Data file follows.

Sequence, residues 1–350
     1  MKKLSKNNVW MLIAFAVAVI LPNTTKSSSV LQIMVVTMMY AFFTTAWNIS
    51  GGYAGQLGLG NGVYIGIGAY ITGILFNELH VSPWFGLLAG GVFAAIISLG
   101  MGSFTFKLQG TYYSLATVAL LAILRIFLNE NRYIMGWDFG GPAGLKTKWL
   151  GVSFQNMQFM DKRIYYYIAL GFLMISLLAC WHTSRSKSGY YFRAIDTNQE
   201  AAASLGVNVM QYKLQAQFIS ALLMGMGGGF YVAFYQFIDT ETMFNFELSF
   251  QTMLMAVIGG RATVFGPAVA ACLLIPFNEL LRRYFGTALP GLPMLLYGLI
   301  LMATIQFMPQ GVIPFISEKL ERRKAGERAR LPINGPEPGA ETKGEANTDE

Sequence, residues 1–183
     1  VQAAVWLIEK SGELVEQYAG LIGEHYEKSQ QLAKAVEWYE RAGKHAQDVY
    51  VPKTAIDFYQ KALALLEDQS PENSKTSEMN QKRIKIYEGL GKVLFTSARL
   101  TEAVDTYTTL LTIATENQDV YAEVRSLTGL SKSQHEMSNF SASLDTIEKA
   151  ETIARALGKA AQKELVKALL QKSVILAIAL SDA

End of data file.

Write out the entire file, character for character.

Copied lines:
Sequence, residues 1–350
     1  MKKLSKNNVW MLIAFAVAVI LPNTTKSSSV LQIMVVTMMY AFFTTAWNIS
    51  GGYAGQLGLG NGVYIGIGAY ITGILFNELH VSPWFGLLAG GVFAAIISLG
   101  MGSFTFKLQG TYYSLATVAL LAILRIFLNE NRYIMGWDFG GPAGLKTKWL
   151  GVSFQNMQFM DKRIYYYIAL GFLMISLLAC WHTSRSKSGY YFRAIDTNQE
   201  AAASLGVNVM QYKLQAQFIS ALLMGMGGGF YVAFYQFIDT ETMFNFELSF
   251  QTMLMAVIGG RATVFGPAVA ACLLIPFNEL LRRYFGTALP GLPMLLYGLI
   301  LMATIQFMPQ GVIPFISEKL ERRKAGERAR LPINGPEPGA ETKGEANTDE

Sequence, residues 1–183
     1  VQAAVWLIEK SGELVEQYAG LIGEHYEKSQ QLAKAVEWYE RAGKHAQDVY
    51  VPKTAIDFYQ KALALLEDQS PENSKTSEMN QKRIKIYEGL GKVLFTSARL
   101  TEAVDTYTTL LTIATENQDV YAEVRSLTGL SKSQHEMSNF SASLDTIEKA
   151  ETIARALGKA AQKELVKALL QKSVILAIAL SDA